Proposals to modify the ABC by including environmental aspects could be considered as a positive step in supporting companies' decisions toward more sustainable production systems. This is true since more than economic drivers are considered within the ABC framework. Although seen as an important advance, the proposed modifications considering emissions as drivers for company overheads still lacks a better defined conceptual model of sustainability. In other words, using emissions as drivers will support decisions based exclusively on emissions.

The Conceptual Model of Sustainability Behind the Proposed Modified ABC

Pulselli et al. (2015) emphasize that sustainability is an issue of relationship among compartments. The conceptual sustainability model developed by Pulselli et al. (2011) shows the evolution of the triple bottom line sustainability model based on a triangle divided in levels of priority, in which the environment is the basis and supports societal development (intermediary level), while the upper level represents the economy. These authors argue that ecosystems are open systems where energy and matter cross their boundaries to perform and maintain their functions, aiming to maximize the conversion of system inputs into useful goods and services outputs. Thus, through an analogy between the sustainability model represented by an inverted triangle with the energy flows crossing the open system boundaries, the input-state-output (ISO) sustainability model is established (Figure 2); this model can be applied to different natural and human-made systems (Pulselli et al., 2011; Bastianoni et al., 2016), including companies.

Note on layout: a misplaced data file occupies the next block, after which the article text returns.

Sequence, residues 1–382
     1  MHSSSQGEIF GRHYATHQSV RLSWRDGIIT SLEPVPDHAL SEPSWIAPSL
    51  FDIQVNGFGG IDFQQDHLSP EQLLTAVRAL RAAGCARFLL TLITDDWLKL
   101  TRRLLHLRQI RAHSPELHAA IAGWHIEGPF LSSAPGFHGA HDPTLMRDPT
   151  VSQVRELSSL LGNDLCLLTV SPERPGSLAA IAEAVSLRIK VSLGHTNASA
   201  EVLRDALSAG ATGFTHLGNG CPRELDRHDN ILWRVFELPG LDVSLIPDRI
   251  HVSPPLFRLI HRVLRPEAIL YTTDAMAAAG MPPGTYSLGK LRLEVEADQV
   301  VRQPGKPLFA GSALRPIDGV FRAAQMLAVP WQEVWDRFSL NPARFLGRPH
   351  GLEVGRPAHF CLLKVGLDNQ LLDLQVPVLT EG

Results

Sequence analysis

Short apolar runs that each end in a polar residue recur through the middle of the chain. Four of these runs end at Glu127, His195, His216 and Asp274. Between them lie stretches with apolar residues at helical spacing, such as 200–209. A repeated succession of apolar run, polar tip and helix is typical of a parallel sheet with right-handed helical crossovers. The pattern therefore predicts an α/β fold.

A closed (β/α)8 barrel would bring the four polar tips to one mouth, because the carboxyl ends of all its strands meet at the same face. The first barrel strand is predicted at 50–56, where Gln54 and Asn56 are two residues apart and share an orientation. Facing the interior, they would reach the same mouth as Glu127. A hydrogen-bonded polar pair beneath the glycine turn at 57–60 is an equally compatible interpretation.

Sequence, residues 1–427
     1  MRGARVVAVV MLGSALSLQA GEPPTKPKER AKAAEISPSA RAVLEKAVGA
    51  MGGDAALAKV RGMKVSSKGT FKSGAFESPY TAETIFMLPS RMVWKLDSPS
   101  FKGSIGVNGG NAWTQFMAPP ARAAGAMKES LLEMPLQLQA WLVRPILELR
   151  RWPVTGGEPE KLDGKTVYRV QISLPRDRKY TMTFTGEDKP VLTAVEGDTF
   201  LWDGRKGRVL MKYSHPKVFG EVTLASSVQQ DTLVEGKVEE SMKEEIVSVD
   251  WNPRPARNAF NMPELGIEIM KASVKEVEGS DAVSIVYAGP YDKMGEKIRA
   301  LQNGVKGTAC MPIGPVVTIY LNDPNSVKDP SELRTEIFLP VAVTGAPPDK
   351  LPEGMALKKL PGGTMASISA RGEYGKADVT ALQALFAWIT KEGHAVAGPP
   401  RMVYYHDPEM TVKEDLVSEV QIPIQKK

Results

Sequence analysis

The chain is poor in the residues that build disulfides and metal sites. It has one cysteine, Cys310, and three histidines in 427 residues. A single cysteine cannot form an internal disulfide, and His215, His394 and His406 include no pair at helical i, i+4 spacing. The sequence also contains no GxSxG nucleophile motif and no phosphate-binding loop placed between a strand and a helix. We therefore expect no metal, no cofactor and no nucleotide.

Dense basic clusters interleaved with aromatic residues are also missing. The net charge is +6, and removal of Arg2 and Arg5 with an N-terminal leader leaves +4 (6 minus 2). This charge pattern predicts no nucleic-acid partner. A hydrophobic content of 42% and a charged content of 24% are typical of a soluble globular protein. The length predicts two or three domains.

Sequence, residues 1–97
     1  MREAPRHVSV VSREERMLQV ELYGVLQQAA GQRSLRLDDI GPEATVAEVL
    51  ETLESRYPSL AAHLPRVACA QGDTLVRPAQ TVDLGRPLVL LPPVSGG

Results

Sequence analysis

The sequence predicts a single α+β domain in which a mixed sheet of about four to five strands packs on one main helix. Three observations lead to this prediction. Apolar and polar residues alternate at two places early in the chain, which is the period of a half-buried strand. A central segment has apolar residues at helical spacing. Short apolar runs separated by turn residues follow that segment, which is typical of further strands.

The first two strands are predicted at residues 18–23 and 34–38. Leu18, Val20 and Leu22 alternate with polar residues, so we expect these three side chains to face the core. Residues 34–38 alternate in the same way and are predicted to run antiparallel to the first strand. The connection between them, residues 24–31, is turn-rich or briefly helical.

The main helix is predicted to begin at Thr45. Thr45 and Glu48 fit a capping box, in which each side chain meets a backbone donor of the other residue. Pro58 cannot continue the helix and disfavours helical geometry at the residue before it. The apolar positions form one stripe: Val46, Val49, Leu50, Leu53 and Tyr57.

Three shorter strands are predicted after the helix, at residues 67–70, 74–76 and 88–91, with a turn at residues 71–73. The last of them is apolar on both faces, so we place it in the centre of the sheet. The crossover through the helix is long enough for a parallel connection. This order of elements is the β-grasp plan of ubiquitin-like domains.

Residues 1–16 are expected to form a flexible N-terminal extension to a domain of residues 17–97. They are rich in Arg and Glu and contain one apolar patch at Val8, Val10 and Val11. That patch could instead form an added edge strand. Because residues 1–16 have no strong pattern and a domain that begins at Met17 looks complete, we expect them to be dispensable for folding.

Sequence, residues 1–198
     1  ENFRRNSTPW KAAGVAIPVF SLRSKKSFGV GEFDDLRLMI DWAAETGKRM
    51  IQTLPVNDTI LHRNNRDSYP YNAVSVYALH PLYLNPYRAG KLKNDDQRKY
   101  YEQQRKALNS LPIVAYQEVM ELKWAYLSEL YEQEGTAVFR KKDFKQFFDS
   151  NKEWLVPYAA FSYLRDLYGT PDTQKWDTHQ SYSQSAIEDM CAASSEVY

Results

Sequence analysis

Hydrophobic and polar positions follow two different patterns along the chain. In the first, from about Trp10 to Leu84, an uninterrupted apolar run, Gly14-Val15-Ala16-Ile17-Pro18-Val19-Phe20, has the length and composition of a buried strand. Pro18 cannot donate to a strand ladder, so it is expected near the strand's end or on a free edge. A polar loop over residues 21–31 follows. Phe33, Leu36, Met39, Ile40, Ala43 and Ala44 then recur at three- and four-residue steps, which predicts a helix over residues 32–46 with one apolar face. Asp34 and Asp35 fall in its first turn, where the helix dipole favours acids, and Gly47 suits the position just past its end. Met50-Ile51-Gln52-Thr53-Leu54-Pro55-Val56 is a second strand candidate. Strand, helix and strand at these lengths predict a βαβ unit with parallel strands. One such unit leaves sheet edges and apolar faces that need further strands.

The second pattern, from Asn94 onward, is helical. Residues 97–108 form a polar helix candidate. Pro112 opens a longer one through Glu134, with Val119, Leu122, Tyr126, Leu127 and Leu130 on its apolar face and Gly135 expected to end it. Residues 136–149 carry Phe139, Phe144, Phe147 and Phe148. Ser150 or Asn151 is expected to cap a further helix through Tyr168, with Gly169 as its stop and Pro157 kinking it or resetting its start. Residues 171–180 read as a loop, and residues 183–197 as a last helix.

FIGURE 2
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Figure 2. Production systems as open systems showing the sectors in which the three different ABC approaches are focused on.

Figure 2 presents the proposed model of sustainability in an attempt to better represent the sustainability of companies, including input resources flows, the production processes, and the output of products and by-products. As representatives of each sector in the ISO model, emergy accounting (with an “m”; Odum, 1996), technical-economic approach and emissions are respectively considered. Pulselli et al. (2011) argue that using emergy accounting as a system input can represent the biophysical counterpart of the system output, i.e., emergy accounting is able to quantify the effort of natural environment in providing resources for human activities to reach the desirable societal well-being. Still regarding the input sector, the importance of quantity and quality of resources as key elements for system development is recognized. Thus, environmental accounting using emergy rather than other biophysical approaches is important because it is based on a systemic view and considers a donor-side perspective that takes into account all resources from nature and from a larger economy required by the transformation system to provide a service or a product, which enables it to recognize the quality of energy (Agostinho et al., 2016); in this sense, the input is represented in this work by the ABCemergy measured in solar emjoules (abbreviated as sej).